Musk drives his staff to achieve more than they thought possible, and sets goals that appear unachievable, and in fact are often reached late.  That doesn't mean he hasn't achieved extraordinary things.  But .....

Tuesday, April 17, 2018

The Luka -- a cool retro electric car

As a bit of a petrol-head (in Ozzie parlance, somebody who likes exotic, classic and muscle cars) I found this Czech electric car rather intriguing--though whether it'll ever make it to Australia is another question.

Czech electric car startup MW Motors unveiled a new lightweight and retro-looking all-electric vehicle powered by in-wheel hub motors.

[T]he Luka EV’s look is not even the most interesting thing about this new electric vehicle.

MW Motors is using in-wheel hub motors, which is not exactly a new concept, but it hasn’t really been implemented in a significant way by automakers.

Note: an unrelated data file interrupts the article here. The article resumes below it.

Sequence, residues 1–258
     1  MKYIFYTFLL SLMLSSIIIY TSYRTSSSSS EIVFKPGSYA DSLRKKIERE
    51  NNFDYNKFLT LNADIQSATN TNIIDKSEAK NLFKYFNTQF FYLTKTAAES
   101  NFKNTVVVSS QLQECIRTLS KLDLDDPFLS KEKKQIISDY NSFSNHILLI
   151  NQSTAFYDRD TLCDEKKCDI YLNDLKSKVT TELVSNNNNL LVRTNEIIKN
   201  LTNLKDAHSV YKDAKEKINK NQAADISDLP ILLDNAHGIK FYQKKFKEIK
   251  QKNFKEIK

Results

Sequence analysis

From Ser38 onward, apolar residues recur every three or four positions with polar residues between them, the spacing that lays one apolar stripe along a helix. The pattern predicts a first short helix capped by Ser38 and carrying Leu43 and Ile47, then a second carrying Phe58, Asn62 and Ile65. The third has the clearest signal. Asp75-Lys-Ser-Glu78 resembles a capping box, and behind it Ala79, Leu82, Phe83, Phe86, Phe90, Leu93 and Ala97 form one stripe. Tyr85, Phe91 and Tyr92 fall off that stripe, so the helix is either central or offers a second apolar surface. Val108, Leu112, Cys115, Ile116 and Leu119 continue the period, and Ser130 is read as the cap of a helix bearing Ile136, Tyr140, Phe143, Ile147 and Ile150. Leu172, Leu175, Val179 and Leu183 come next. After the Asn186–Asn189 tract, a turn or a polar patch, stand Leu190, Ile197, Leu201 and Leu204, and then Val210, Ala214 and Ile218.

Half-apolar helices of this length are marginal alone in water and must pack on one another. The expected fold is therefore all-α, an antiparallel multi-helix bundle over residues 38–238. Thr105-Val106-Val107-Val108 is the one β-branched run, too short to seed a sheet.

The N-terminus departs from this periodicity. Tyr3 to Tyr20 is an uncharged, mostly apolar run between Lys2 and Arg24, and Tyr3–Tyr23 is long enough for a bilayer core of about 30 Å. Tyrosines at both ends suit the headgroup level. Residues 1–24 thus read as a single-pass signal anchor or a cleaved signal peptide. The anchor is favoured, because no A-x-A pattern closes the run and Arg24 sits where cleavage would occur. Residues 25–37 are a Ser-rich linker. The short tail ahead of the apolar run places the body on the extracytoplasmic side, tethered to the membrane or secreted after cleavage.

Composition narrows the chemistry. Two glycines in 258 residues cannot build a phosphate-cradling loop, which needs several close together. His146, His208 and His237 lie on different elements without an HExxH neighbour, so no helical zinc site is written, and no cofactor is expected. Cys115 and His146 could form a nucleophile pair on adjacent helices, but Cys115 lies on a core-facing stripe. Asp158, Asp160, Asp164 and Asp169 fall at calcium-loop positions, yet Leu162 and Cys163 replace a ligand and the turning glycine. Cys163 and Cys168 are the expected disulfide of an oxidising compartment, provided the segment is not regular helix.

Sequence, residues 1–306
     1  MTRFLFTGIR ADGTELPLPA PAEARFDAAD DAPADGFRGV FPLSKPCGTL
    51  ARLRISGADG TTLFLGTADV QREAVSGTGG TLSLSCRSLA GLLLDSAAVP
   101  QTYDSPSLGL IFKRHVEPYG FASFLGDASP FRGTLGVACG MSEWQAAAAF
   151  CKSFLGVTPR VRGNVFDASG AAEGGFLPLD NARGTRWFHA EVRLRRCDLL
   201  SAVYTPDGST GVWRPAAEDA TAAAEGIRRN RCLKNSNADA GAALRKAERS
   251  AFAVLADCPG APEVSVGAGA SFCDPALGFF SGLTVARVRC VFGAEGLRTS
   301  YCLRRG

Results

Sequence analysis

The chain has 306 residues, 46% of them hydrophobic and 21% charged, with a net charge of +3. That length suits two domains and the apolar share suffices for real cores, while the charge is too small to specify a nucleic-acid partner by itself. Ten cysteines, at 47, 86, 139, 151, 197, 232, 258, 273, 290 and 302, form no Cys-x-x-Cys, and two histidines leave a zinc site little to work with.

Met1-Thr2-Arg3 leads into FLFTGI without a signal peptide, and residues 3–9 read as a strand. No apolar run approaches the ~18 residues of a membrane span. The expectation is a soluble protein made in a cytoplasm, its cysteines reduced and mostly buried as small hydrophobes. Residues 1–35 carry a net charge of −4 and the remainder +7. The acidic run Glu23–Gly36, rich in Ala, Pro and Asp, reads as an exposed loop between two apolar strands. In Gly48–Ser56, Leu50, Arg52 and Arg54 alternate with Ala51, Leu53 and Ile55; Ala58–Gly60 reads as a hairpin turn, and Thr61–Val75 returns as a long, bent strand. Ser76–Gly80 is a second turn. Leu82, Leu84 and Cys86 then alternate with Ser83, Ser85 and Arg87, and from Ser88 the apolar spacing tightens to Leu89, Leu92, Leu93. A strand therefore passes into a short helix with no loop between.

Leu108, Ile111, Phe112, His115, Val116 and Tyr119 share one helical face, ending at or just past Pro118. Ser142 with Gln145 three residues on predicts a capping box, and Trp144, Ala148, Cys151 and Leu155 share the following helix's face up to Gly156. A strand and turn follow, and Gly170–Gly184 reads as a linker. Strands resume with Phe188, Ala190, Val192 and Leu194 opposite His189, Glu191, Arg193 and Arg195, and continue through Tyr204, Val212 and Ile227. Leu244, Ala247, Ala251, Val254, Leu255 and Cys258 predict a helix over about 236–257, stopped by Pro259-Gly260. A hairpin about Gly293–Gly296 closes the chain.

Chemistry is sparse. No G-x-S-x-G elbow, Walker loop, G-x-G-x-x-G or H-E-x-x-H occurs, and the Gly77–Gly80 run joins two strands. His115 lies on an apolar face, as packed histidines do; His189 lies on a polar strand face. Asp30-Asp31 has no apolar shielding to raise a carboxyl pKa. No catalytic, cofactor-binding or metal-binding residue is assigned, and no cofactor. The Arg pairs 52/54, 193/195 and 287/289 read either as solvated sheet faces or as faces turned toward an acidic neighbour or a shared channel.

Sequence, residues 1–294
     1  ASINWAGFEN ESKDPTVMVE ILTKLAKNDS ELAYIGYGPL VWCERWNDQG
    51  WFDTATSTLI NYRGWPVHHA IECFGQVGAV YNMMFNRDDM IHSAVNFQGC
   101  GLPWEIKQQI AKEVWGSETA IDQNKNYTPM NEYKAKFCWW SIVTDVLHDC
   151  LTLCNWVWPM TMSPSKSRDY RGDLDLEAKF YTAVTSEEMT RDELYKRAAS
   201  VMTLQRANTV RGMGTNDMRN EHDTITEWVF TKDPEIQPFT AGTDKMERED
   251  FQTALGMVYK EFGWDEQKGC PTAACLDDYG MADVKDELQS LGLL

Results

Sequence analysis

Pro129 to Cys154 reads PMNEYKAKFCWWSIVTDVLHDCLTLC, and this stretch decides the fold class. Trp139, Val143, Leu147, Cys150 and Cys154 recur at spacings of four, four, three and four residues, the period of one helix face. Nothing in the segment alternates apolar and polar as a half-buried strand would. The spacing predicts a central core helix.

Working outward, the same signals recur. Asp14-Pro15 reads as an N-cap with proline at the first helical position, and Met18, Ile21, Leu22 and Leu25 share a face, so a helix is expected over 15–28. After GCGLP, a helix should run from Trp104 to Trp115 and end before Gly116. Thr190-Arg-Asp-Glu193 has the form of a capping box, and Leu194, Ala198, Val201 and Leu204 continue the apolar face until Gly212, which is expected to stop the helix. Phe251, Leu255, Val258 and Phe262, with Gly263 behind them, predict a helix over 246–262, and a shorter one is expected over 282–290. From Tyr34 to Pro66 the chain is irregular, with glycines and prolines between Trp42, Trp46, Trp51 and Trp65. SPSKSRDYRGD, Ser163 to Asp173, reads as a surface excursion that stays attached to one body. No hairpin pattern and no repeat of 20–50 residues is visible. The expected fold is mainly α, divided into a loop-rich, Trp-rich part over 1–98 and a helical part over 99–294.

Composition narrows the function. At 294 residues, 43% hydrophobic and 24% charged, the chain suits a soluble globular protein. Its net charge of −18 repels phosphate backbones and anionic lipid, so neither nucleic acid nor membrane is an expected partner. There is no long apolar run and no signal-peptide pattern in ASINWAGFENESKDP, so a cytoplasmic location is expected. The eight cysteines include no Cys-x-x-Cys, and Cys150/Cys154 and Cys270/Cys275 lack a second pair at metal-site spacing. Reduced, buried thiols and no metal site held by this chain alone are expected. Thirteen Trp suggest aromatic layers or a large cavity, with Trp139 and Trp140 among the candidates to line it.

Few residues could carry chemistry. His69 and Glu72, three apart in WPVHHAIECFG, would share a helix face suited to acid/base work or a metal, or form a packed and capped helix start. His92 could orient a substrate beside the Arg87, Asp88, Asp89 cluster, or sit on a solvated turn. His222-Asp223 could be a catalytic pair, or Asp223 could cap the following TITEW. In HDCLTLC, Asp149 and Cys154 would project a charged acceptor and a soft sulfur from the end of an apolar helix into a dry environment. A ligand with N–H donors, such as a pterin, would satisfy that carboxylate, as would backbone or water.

They are using 4 motors in the wheels delivering 4 x 12,5 kW for a total output of about 50 kW (66 hp).

The motors are powered by a very small 21.9 kWh battery pack, which MW Motors claims is enough for up to 300 km (186 miles) of range.

It’s hard to believe until you hear how much the whole car weights: 815 kg (~1,800 lbs).

Of course, we are talking about a small two-seater here, but it’s still an impressively low weight and yet, the company claims that you will still find all the features you’d expect to find in a modern car.

MW Motors plans to bring the vehicle to market for a somewhat reasonable 30,000 EUR ($36,900 USD) starting price.

[Read more here; pictures from same source]

Underground transmission could be a game changer